I move: "That the Bill be now read a Second Time."
I welcome the Minister to the Chamber. The purpose of this Bill is very simple. If enacted, it will end sub-minimum rates of pay for workers over the age of 16 unless the worker is engaged in an apprenticeship. We are delighted to be co-hosting this Bill with the Civil Engagement group. We believe the intention of this Bill is based on a reasonable and justified request on behalf of the 22,700 workers in Ireland who are currently being exploited by loopholes in the legislation.
Sinn Féin is delighted to have the support of the Mandate trade union, the Union of Students of Ireland, the National Youth Council of Ireland and Youth Work Ireland, all of which respect the principle of equal pay for equal work and have endorsed this Bill.
I note the significant amount of work and research done on this issue in recent years and I pay tribute to those concerned. Included is the substantial research carried out by the ESRI and the Low Pay Commission, in addition to submissions by the Irish Congress of Trade Unions, the National Women's Council of Ireland and the Vincentian Partnership for Social Justice.
What was evident throughout this large body of research was that exploitation through sub-minimum rates of pay is actually quite widespread, affecting almost 23,000 workers. This widespread abuse was also evident through the social media feedback that we received after launching this Bill in April.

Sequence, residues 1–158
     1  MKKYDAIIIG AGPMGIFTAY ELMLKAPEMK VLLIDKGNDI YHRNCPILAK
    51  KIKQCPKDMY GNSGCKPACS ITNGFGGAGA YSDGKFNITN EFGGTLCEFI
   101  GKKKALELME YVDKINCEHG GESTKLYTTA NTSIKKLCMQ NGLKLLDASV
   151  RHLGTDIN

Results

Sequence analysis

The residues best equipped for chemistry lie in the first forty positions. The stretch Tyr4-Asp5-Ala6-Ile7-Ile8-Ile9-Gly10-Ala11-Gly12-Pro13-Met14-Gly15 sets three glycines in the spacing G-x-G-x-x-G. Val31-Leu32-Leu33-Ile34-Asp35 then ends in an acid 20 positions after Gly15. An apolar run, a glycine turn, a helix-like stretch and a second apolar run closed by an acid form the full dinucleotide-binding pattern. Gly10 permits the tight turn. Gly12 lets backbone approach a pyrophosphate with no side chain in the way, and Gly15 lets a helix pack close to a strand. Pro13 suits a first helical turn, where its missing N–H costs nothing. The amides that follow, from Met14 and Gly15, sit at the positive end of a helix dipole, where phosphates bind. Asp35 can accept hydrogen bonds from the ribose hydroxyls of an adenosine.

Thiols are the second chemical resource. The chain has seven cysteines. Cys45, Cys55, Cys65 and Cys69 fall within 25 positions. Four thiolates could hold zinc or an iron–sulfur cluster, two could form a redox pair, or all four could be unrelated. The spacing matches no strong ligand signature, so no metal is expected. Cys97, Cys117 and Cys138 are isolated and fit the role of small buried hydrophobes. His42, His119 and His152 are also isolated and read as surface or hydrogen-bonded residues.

I want to read out a few testimonies to the Minister. One worker wrote: “I’ve been working for over a year and I am on €6.68 an hour. It was my intention to save money for college, but that is just not going to happen. This is slave labour in disguise.”
Another wrote: “There are people in my workplace being paid less than the national minimum wage working alongside those who are on the national minimum wage, but they are doing the same work. This is leading to a lot of tension and conflict between staff.”
A final testimony read: “I am 20 years of age, working for a major sports retailer in Dublin city centre and I am on €7.64 an hour. It is up to the staff to request at the end of each year to be put onto the wage we’re entitled to."
These stories offer us a glimpse into the reality of the workplace for young people, particularly in the context of precarious, temporary, if-and-when employment practices where young workers will be intimidated into not demanding what they are entitled to for fear of losing hours or their jobs. Mandate trade union also provided, in its submission, evidence of employers hiring workers in their 20s on 80% of the national minimum wage, and then letting them go after two years, only to hire another worker on the lower rate in their place. If passed, this Bill would outlaw these practices.